Dual Nature Of Matter And Radiation Short Answer Questions

Dual Nature Of Matter And Radiation Short Answer Questions

Question 1. Photoelectric current continues when the anode is even at a slight negative potential concerning the photocathode. Explain.

Emitted photoelectrons possess some initial kinetic energy. Hence, a few electrons can reach the anode overcoming the repulsive force of the negative potential. If the value of the negative potential is not too high, the photoelectric current continues to flow

Question 2. When radiation of wavelength 2000A° is incident on a nickel plate, the plate gets positively charged. But when the wavelength of Incident radiation is raised to 3440 A°, the plate remains neutral. Explain

The photoelectric effect takes place for incident radiation of wavelength 2000A and due to the emission of photoelectrons, the plate becomes positively charged. No photoelectric effect takes place when radiation of wavelength 3440A is incident on the plate, as the threshold wavelength for photoelectric effect is more than 2000 A but less than 3440A

Question 3. Give examples of the production of

  1. An electron by a photon and
  2. Photon by an electron.


  1. When a photon is incident on the metal surface, the electron is emitted in a photoelectric effect.
  2. In the process of production of X-rays, when high-speed electrons in cathode rays are incident on a metal surface, an X-ray photon is emitted.

(Hence photoelectric effect and X-ray production are two opposite site effects)

Question 4. A metal plate that emits photoelectrons under the influence of blue light, may not emit photoelectrons under the influence of red light. Explain.

  • For the emission of electrons from a metal surface, the frequency of the incident light should be higher than the threshold frequency ofthe metal.
  • The frequency of blue light is greater than the frequency of red light.
  • If the frequency of blue light is higher than the threshold frequency for the metal, electrons will be emitted.
  • But if the frequency of red light is less than the threshold frequency, red light will not be able to emit electrons from that metal surface

Question 5. Radiation of frequency 1015 Hz is Incident separately on two photosensitive surfaces P and Q. The following observations were made:

  1. Surface P: Photoemission occurs but the photoelectrons have zero kinetic energy
  2. Surface Q: Photoemission occurs and electrons have non-zero kinetic energy.

Question 6. Which of these two has a higher work function? If the frequency of incident light Is reduced, what will happen to photoelectron emission In the two cases?

The energy of the incident photon, hf = Ek + W0; here W0 – work function of the emitting surface, and Ek = kinetic energy of the emitted photoelectron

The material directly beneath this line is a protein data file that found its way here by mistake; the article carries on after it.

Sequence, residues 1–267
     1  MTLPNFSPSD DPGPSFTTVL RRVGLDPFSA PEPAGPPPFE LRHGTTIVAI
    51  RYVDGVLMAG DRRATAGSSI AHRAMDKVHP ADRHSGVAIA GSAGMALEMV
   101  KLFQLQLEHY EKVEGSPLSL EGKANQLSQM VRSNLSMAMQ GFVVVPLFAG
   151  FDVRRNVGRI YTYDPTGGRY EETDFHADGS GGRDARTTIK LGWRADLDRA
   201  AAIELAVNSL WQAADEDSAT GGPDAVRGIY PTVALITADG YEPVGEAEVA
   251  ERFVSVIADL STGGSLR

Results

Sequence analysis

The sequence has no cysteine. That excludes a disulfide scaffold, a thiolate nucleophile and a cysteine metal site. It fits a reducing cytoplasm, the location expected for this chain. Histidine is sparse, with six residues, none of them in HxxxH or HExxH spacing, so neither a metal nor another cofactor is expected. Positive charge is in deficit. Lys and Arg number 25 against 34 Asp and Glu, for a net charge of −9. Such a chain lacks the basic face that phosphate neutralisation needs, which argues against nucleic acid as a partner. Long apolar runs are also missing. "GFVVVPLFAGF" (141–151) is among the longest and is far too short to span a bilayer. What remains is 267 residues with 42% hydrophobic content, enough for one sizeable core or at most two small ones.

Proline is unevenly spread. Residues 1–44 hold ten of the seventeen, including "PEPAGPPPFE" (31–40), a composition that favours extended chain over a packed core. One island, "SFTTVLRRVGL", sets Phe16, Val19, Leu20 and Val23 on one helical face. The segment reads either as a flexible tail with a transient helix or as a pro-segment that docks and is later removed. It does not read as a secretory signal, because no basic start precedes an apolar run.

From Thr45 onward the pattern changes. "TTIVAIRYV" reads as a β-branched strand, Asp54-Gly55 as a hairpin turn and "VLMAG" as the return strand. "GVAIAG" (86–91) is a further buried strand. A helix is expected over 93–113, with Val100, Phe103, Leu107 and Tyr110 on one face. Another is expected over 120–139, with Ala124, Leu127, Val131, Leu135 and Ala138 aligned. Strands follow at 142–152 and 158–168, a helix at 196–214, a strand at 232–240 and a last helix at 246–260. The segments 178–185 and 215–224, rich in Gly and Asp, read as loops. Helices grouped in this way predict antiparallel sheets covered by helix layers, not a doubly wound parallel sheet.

. Given, for the surface P, Ek = 0; but for the surface Q, Ek> 0. For the same incident light, hf= constant. So the work function W0 is higher for the surface P.

If incident light of a lower frequency is taken, he would reduce. Then it would be less than the work function of the surface P; so, this surface would emit no photoelectron. The surface Q may emit photoelectrons, provided hf > W0 for that surface

Question 7. State two important properties of photons which

The properties of photons used to write Einstein’s photoelectric equation are

  1. The rest mass of the photon is zero,
  2. The energy ofthe photon is E = hv

Question 8. An electron (charge = e, mass = m ) is accelerated from rest through a potential difference of V volt. What will be the de Broglie wavelength ofthe electron?

The kinetic energy gained by the electron

= eV = ½mv²

Or, v = \(\sqrt{\frac{2 e V}{m}}\)

Hence, de Broglie wavelength,

λ = \(\frac{h}{m \nu}=\frac{h}{m} \sqrt{\frac{m}{2 e V}}\)

= \(\frac{h}{\sqrt{2 m e V}}\)

Question 9. When light incident on a metal ha* energy le** than the work function of the metal, then no electron h emitted from the surface of the metal. Mathematically justify this statement

Einstein’s photoelectric equation,

½mv²max = hf – W0 = work function

If hf < W0, the maximum kinetic energy of electrons (½mv²max )is negative and so v²max   is negative. However, the magnitude of the square of a physical quantity cannot be negative. Hence photoelectrons are not emitted from the surface ofthe metal

Question 10. Is matter wave an electromagnetic wave?

No, matter wave is not an electromagnetic wave, because the matter waves are not associated with periodic vibrations of the electric and magnetic fields

Question 11. A beam of photons of energy 5.0 eV falls on a free metal surface of work function 3.0 eV. As soon as the photo-electrons are emitted, they are removed. But the emission comes to a stop after a while explain the reasons, i